In the final stretch, a neck to neck race

By Adib Zalkapli, The Malaysian Insider

As the campaign for the crucial Kuala Terengganu by-election enters its final day today, both Barisan Nasional (BN) and Pakatan Rakyat (PR) campaigns are still cautious in assessing their chances, preferring to just call it a very tight race, in a clear sign that neither Pas nor Umno could be sure of the outcome.

Pas election director Datuk Mustafa Ali refused to say how the party was doing after more than ten days of campaigning, and kept repeating that both sides are neck to neck.

"For both sides, the support level has never dropped below 40 per cent," said Mustafa when asked to predict the outcome.

His daily press briefings have been focussed on levelling allegations against the authorities, from the Election Commission, the National Registration Department to the police force.

And Prime Minister Datuk Seri Abdullah Badawi, who hit the campaign trail for the second time yesterday, only said things are getting better for BN since his first visit soon after nomination day on Jan 6, as last week he was busy defending his choice of candidate to party workers.

Even in high profile public rallies in Malay villages where Datuk Seri Anwar Ibrahim was present, the uncertainty was clear in the speeches.

When addressing a small crowd at Kubang Ikan near the Marang border, he reminded the voters not to be fooled by BN's election goodies. Anwar even dedicated part of his speech to Umno workers stationed next to the Pas's operation centre, trying very hard to convince them to abandon the Malay nationalist party on polling day.

The sentiment on the ground also did not show any indication of how the 80,000 voters are going to decide tomorrow, except for the enthusiasm shown by the Chinese community at a dinner when Kelantan Menteri Besar Datuk Nik Aziz Nik Mat and former Law Minister Datuk Zaid Ibrahim presented the Pakatan Rakyat's case.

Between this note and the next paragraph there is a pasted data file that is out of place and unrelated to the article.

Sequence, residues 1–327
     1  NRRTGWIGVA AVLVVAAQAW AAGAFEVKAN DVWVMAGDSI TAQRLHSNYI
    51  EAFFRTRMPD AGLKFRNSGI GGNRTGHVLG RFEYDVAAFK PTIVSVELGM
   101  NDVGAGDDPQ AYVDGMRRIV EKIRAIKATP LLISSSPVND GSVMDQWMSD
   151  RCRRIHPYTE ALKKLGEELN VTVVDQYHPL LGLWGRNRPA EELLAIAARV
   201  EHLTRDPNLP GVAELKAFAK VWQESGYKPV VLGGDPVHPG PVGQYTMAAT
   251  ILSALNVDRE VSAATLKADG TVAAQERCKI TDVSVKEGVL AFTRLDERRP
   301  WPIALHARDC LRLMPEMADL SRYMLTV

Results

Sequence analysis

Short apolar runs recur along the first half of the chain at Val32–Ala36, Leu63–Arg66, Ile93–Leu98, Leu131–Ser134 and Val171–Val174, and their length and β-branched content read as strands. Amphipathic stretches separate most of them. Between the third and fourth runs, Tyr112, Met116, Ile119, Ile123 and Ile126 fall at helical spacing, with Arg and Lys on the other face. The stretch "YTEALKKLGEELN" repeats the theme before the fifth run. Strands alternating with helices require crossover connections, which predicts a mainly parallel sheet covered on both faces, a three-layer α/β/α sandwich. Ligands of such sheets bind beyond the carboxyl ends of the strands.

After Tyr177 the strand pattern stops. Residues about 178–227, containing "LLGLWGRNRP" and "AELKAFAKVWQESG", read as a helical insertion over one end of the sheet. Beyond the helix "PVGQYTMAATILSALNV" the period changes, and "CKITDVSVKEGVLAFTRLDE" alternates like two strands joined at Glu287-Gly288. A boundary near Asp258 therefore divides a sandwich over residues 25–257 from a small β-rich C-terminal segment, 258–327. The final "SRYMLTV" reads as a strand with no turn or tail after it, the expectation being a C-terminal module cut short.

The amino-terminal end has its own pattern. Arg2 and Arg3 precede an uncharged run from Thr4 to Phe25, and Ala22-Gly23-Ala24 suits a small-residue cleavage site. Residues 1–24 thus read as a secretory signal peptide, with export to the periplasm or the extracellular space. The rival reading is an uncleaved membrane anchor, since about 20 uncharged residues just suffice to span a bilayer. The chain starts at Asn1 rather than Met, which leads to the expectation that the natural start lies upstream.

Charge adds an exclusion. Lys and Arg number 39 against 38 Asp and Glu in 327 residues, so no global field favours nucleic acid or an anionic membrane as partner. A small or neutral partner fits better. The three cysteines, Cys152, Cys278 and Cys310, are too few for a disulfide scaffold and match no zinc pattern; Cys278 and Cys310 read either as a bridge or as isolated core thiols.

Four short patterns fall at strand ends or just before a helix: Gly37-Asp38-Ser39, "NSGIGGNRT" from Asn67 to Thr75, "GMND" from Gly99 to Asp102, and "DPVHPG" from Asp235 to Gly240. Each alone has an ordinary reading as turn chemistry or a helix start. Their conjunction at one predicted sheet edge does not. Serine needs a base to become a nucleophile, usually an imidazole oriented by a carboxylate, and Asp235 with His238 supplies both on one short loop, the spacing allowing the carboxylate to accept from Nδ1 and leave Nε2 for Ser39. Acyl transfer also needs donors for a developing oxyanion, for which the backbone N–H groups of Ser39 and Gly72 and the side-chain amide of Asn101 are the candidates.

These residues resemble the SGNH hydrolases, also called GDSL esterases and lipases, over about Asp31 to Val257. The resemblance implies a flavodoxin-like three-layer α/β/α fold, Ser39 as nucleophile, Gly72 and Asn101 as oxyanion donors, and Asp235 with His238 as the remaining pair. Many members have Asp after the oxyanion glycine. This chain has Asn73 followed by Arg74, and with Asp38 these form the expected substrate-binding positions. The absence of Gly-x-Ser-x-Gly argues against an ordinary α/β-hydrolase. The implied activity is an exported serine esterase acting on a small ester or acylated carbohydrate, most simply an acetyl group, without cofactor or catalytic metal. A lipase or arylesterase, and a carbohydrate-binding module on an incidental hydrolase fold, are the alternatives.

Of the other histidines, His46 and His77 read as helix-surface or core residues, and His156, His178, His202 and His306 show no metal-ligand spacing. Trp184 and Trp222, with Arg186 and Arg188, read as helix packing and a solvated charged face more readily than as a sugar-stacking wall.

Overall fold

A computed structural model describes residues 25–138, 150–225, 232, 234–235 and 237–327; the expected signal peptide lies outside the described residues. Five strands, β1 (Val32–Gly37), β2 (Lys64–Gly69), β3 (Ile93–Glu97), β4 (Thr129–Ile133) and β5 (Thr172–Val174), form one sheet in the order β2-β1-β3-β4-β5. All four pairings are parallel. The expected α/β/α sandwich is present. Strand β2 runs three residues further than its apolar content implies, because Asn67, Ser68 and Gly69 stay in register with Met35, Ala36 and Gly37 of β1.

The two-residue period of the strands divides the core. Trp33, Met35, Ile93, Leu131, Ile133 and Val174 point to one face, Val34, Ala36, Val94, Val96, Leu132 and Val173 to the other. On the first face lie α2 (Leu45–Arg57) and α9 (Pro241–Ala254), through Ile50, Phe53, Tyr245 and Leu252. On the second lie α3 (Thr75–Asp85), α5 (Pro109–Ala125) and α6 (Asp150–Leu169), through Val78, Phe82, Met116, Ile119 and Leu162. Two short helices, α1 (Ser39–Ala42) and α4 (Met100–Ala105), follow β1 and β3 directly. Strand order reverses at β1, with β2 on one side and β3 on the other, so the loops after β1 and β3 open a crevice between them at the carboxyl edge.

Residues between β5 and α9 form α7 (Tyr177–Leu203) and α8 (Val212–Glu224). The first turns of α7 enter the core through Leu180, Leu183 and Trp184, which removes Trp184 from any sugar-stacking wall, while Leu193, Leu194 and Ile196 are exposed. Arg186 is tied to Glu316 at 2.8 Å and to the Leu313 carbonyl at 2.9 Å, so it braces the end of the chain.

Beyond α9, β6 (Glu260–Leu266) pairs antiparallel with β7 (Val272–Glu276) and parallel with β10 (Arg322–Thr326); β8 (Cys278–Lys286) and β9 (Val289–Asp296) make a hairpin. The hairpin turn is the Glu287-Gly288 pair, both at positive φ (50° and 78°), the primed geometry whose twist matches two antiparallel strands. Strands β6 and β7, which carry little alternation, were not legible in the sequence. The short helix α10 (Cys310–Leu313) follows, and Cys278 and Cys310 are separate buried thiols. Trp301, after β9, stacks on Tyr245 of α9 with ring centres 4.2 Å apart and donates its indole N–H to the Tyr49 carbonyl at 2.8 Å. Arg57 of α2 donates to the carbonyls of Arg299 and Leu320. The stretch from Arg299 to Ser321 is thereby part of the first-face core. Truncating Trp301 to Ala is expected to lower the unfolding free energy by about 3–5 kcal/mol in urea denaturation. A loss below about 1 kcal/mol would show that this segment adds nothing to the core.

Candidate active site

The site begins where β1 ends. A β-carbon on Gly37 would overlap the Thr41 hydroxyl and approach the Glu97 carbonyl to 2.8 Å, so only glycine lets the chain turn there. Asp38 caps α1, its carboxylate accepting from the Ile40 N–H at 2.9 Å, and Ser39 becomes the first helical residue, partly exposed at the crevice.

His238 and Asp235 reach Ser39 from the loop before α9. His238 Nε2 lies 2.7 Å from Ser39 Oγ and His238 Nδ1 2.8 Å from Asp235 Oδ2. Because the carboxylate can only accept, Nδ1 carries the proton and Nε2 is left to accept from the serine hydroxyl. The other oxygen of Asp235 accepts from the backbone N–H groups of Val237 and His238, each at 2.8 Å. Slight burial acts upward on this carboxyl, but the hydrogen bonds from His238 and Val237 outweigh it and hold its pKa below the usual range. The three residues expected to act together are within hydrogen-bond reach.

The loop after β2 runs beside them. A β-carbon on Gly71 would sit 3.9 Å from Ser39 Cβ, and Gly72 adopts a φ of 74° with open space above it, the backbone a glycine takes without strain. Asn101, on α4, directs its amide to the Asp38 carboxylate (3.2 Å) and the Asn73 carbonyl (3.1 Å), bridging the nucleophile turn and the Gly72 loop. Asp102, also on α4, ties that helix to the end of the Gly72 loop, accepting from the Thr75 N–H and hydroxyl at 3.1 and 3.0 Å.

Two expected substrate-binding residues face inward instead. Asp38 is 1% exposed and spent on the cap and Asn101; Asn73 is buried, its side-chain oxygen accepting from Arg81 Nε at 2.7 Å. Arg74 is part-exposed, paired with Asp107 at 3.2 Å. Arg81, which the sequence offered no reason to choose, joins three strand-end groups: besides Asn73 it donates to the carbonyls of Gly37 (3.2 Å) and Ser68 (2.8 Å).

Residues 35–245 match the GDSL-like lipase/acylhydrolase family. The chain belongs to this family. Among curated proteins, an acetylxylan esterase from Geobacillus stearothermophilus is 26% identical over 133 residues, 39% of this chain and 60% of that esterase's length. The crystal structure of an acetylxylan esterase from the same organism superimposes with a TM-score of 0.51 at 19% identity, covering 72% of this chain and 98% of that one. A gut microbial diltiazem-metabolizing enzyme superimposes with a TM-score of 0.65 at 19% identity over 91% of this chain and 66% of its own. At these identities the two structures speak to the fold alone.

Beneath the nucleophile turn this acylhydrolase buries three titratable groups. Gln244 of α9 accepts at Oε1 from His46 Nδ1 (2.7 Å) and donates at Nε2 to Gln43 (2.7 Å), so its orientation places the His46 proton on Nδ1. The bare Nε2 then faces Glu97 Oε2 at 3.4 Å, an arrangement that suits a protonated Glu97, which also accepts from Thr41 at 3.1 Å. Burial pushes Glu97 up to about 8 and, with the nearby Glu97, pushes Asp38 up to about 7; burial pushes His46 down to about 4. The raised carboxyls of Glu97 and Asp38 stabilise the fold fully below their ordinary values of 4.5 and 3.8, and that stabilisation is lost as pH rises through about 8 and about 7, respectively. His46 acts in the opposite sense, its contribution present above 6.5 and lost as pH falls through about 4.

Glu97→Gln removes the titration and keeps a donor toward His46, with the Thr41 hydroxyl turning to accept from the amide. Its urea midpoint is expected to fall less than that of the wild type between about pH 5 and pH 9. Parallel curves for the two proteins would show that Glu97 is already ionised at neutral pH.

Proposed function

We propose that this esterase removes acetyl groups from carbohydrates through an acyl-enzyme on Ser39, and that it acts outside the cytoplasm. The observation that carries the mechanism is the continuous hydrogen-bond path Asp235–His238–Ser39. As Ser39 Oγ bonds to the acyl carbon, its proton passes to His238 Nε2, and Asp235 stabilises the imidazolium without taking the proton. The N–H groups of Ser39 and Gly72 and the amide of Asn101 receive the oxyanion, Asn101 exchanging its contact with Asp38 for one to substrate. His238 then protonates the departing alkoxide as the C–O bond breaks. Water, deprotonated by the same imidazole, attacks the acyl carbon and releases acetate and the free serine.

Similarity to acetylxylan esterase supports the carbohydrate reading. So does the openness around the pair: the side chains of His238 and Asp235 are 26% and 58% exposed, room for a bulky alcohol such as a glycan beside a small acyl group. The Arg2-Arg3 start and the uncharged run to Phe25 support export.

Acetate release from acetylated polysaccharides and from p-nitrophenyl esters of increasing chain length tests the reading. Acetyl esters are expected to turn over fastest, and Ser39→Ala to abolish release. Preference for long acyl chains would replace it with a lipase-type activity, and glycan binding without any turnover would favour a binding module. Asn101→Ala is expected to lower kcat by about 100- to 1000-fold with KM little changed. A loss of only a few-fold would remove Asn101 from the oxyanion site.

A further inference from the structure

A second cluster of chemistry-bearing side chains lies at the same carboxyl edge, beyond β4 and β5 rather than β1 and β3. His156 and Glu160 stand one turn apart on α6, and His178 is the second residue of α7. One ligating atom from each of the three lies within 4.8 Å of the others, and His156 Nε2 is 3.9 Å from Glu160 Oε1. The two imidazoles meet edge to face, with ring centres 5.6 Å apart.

But the Malays, apart from those found at the various political parties' operation centres were very reserved when asked about the election or the candidates.

Many chose to parrot the campaign slogans or the media reports on Wakaf Mempelam assemblyman Abdul Wahid Endut and BN's Datuk Wan Ahmad Farid Salleh.

But the silence or the lack of enthusiasm might indicate that the voters have made up their mind.

"Even during March 8 in the West Coast, people were very quiet, it could be because they have already made up their mind," said USM's School of Social Sciences political analyst Dr Sivamurugan Pandian who has also observed the lack of excitement among the voters.

"I don't see a lot of ceramahs, they prefer house to house visits, I guess they have had enough, only those undecided are still attending," he added.

An election tourist who only wished to be known as Zaman said he was surprised to see the situation in Kuala Terengganu.

"At first I thought it was because of the long campaigning period, but now things are still very quiet," said the Kelantanese who admitted that he is a Pas supporter.

"I hoped it's because they have already decided to vote Wahid," he added.